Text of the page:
We need a change of direction. I’m suggesting ballot referenda — a series of votes in the states to add amendments to the state constitutions banning opposite-sex marriage. I’d also like to see a federal amendment to outlaw opposite-sex marriage.

It’s time to face facts and accept that the grand social experiment of opposite-sex marriage and government acceptance of heterosexuality has completely and utterly failed.

Written by LeisureGuy

18 November 2006 at 8:58 am

Posted in Daily life, GOP, Government

Reading, the art of

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Zadie Smith has an excellent comment on reading:

But the problem with readers, the idea we’re given of reading is that the model of a reader is the person watching a film, or watching television. So the greatest principle is, “I should sit here and I should be entertained.” And the more classical model, which has been completely taken away, is the idea of a reader as an amateur musician. An amateur musician who sits at the piano, has a piece of music, which is the work, made by somebody they don’t know, who they probably couldn’t comprehend entirely, and they have to use their skills to play this piece of music. The greater the skill, the greater the gift that you give the artist and that the artist gives you. That’s the incredibly unfashionable idea of reading. And yet when you practice reading, and you work at a text, it can only give you what you put into it. It’s an old moral, but it’s completely true.

Written by LeisureGuy

18 November 2006 at 8:05 am

Posted in Books, Daily life, Education

What price “leisurely”? Saturday shave

with 6 comments

Yesterday I happened across a blog that asked what one’s ideal morning ritual would be: the actions on awakening to start the day with a positive experience. My answer:

This is an easy question for me, because I’ve actually thought about it and worked it out. It starts with a shower and then a leisurely morning shave, using a good razor, a badger brush, and an excellent shaving soap or cream. Then I make a fresh pot of coffee in my vacuum French press and sit down at the computer to find out what’s happened in the world—and what moves my Go opponents have made on Very satisfying.

I wondered about the word “leisurely”—it certainly feels leisurely, my shaving, but how much time does it take? So today I checked the bathroom clock: started at 7:15 with putting hot water on the shaving soap (today Provence Santé, a tallow-based soap from France) prepatory to washing my beard with soap and water. (You then pour the water off the soap and charge the wet brush—in this case, my bespoke Superior Brush with the Persian Jar handle and 22mm knot.)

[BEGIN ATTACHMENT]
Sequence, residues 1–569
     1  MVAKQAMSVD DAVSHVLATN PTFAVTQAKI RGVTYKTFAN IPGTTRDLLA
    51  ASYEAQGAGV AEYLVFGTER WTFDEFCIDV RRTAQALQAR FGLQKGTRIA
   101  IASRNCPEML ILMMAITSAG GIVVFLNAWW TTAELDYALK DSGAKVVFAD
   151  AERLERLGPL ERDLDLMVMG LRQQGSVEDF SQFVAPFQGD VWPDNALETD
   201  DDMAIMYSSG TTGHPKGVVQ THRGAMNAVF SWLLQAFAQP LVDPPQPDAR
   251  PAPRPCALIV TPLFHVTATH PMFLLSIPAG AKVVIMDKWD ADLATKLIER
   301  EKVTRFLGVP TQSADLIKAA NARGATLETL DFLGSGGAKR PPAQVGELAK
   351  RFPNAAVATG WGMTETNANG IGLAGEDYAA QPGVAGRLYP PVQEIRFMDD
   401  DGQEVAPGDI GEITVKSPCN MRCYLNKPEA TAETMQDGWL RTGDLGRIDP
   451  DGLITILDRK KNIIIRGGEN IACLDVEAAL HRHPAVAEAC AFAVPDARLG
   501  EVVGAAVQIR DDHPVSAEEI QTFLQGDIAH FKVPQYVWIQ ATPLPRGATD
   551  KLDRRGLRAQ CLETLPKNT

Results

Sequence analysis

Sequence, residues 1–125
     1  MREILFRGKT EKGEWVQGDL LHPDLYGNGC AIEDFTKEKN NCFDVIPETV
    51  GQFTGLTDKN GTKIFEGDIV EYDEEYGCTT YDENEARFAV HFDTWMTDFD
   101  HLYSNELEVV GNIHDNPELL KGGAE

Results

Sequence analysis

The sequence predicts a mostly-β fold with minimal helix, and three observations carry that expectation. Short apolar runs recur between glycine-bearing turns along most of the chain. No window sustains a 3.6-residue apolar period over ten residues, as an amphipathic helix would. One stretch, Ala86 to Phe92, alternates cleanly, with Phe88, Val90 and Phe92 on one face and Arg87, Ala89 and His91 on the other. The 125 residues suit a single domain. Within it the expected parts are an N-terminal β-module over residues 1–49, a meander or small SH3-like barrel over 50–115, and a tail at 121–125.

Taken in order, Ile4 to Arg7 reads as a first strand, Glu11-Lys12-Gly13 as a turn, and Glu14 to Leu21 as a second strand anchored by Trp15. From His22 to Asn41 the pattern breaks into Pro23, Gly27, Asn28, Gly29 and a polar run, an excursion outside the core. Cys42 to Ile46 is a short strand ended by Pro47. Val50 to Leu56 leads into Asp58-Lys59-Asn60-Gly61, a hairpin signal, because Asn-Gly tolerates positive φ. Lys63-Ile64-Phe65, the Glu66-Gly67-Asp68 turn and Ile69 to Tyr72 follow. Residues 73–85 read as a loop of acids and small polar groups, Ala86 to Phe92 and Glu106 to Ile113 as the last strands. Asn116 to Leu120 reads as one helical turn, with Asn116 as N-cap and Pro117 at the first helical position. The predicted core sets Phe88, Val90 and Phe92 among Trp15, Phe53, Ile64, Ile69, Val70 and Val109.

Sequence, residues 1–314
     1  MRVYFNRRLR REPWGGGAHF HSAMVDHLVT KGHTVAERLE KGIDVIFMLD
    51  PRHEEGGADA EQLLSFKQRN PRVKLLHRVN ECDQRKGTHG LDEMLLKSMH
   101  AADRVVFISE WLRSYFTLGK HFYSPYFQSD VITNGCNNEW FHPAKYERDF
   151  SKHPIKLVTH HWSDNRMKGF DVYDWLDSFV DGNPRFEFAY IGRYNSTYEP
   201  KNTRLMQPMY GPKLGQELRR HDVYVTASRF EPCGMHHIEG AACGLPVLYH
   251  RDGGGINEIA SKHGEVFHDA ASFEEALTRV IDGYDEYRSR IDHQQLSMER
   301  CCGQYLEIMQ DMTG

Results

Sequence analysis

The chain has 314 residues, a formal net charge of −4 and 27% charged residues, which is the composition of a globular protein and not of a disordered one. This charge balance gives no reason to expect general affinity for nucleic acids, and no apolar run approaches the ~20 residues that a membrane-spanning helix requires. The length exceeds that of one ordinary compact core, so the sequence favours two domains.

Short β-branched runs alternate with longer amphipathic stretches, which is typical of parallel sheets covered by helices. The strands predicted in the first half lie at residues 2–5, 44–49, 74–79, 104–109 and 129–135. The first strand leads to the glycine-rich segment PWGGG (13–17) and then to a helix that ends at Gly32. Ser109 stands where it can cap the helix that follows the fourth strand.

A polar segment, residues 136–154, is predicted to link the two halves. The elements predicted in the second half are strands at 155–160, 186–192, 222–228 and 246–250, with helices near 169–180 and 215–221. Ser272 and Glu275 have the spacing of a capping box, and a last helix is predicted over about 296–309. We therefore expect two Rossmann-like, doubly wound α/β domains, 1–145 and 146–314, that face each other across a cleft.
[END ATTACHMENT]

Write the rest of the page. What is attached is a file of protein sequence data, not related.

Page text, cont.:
I didn’t have to change the blade—a Feather—in the Vision, the razor I used, though that would be a matter of less than a minute. Three passes—with, across, and against the grain—with glycerine as a pre-shave for pass 2 and 3. Do the hot- and cold-water rinse, apply Saint Charles Shave Bay Rum Aftershave Balm, and then rinse and put away equipment and dry off sink. 7:26. No nicks, very smooth shave.

So 11 minutes feels leisurely and I feel pampered and I had a great shave. At the outside, with dithering, four passes, and the like, it couldn’t amount to more than 13 or 14 minutes—certainly less than 15 minutes. So little time, such great pleasure.

The coffee today: Yemen Mocha-Java from Baltimore Coffee & Tea Co.

UPDATE: One person pointed out that, with a Mach 3, he can complete a shave in 5 minutes, and “If this routine adds six minutes to your daily shave, you’re looking at three months over an eighty year life dedicated to making second passes with your 50s shaving tekmology [sic].” My view is that 11 minutes of enjoyment and pleasure is better than 5 minutes of routine chore (YMMV), and one must remember this cautionary tale.

Written by LeisureGuy

18 November 2006 at 7:53 am

Posted in Shaving